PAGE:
Netflix: While films like The Big Short and Margin Call looked at the corporate side of the 2008 housing market crash, 99 Homes takes it down to street level. Andrew Garfield gives a full performance as a down-on-his-luck builder who sees himself and his family evicted from their family home (as harrowing a scene as if this were a documentary) and he's then forced to sell his soul and work for a ruthless real estate guy (the excellent Michael Shannon) and learn to exploit the system itself. It's an eye opener as to how real estate works and can be used to screw the little people, and the film seems to use a LOT of non actors who seem to be in the same dire straights as their "characters", a sad cross-section of lower middle-class America. Beyond the real world drama is the protagonist's ethical journey, which may make him tip completely into the dark side, Shannon as great a "Sith Lord" as you might imagine.
Brick Mansions is a disappointing action flick set in the near-future, starring Paul Walker as cop who must go into a fenced ghetto to retrieve a neutron bomb stolen by the RZA, with the help of Parkour founder David Belle. I can't even believe I typed those words all in a row. Well, the main action of the film IS parkour, and very well done too - already overused by the time this movie came out, at least you've got its master in the film - and crashing cars into things (which is kind of icky now when you think about it). Of course, it's not an acting showcase, nor should you expect one. But the villain's final turn kind of required more than was available to the principals, and seems contrived even by this flick's standards. But then it heads into even more contrived elements in the epilogue... I don't know that District 13, the French original, is any better, but Brick Mansions is never more than simply watchable.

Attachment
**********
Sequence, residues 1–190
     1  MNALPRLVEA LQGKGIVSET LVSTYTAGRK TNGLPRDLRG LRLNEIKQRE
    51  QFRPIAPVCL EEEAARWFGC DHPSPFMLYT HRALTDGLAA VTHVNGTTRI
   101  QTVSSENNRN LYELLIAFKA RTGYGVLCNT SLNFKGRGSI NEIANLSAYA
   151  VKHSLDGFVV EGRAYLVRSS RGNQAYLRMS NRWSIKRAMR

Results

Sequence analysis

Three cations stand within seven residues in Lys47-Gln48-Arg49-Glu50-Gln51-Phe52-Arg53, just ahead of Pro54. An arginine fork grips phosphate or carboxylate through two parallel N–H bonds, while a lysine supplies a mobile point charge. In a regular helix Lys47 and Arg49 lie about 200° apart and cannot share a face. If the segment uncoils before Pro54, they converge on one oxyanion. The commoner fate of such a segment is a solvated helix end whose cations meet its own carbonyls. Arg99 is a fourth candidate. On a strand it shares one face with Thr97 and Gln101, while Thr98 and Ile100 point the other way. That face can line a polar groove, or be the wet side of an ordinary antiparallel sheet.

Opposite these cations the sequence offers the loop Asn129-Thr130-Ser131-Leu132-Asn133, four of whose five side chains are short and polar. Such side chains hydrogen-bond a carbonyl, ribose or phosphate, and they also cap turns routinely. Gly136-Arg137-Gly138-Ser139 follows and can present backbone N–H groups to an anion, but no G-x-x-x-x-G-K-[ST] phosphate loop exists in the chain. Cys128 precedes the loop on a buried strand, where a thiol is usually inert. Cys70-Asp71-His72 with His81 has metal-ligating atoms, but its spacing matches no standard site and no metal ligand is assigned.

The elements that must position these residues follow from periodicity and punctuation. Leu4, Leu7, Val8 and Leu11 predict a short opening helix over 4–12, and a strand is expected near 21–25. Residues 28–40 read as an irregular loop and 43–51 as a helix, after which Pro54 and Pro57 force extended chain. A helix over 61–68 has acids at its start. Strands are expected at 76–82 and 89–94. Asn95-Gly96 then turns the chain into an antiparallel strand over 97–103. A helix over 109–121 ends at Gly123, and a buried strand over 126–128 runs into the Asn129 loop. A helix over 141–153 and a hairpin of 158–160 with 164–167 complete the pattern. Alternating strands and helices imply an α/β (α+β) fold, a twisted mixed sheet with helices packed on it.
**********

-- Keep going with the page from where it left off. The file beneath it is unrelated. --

Don't Trust the B---- in Apartment 23 is a short-lived black comedy (2 seasons, 26 episodes in all) that takes the Odd Couple in delightfully twisted directions, co-starring Krysten Ritter as the bad roommate (and indeed, caricature of a terrible person, which she seems to play as jacked-up most times) and Dreama Walker as the goody-two-shoes just arrived to New York from the Midwest (who may just save Ritter soul unless she gets dragged down to hell with her), with TV's James Van Der Beek as conceited actor James Van Der Beek bringing up the rear, hilariously. I tried the show based on Ritter's presence and the subversive title, and stayed for the varied cast of lunatics, outrageous shenanigans, and the sharp demented comedy that hit my soft spots. To my annoyance, the episodes aren't in the correct order, with the characters' fortunes going back and forth, which you'd think would be easy to fix if anyone cared. At 26 only 26 episodes, I would gladly have watched more, but am also willing to accept I got out before the joke got old.